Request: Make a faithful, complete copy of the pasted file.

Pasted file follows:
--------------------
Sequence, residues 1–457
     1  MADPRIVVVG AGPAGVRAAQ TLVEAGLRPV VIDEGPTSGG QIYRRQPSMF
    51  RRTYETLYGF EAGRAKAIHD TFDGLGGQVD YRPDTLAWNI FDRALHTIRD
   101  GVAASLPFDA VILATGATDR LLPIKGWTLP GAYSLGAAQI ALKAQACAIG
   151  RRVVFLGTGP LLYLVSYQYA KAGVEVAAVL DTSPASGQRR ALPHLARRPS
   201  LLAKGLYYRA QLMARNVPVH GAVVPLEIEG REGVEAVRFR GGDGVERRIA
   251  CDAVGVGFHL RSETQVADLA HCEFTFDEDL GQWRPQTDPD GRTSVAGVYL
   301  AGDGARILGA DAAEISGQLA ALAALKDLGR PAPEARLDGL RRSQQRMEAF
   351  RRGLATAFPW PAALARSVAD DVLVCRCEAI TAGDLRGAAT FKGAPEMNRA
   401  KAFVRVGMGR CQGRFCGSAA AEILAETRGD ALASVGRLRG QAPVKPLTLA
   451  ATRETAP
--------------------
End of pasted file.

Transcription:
Sequence, residues 1–457
     1  MADPRIVVVG AGPAGVRAAQ TLVEAGLRPV VIDEGPTSGG QIYRRQPSMF
    51  RRTYETLYGF EAGRAKAIHD TFDGLGGQVD YRPDTLAWNI FDRALHTIRD
   101  GVAASLPFDA VILATGATDR LLPIKGWTLP GAYSLGAAQI ALKAQACAIG
   151  RRVVFLGTGP LLYLVSYQYA KAGVEVAAVL DTSPASGQRR ALPHLARRPS
   201  LLAKGLYYRA QLMARNVPVH GAVVPLEIEG REGVEAVRFR GGDGVERRIA
   251  CDAVGVGFHL RSETQVADLA HCEFTFDEDL GQWRPQTDPD GRTSVAGVYL
   301  AGDGARILGA DAAEISGQLA ALAALKDLGR PAPEARLDGL RRSQQRMEAF
   351  RRGLATAFPW PAALARSVAD DVLVCRCEAI TAGDLRGAAT FKGAPEMNRA
   401  KAFVRVGMGR CQGRFCGSAA AEILAETRGD ALASVGRLRG QAPVKPLTLA
   451  ATRETAP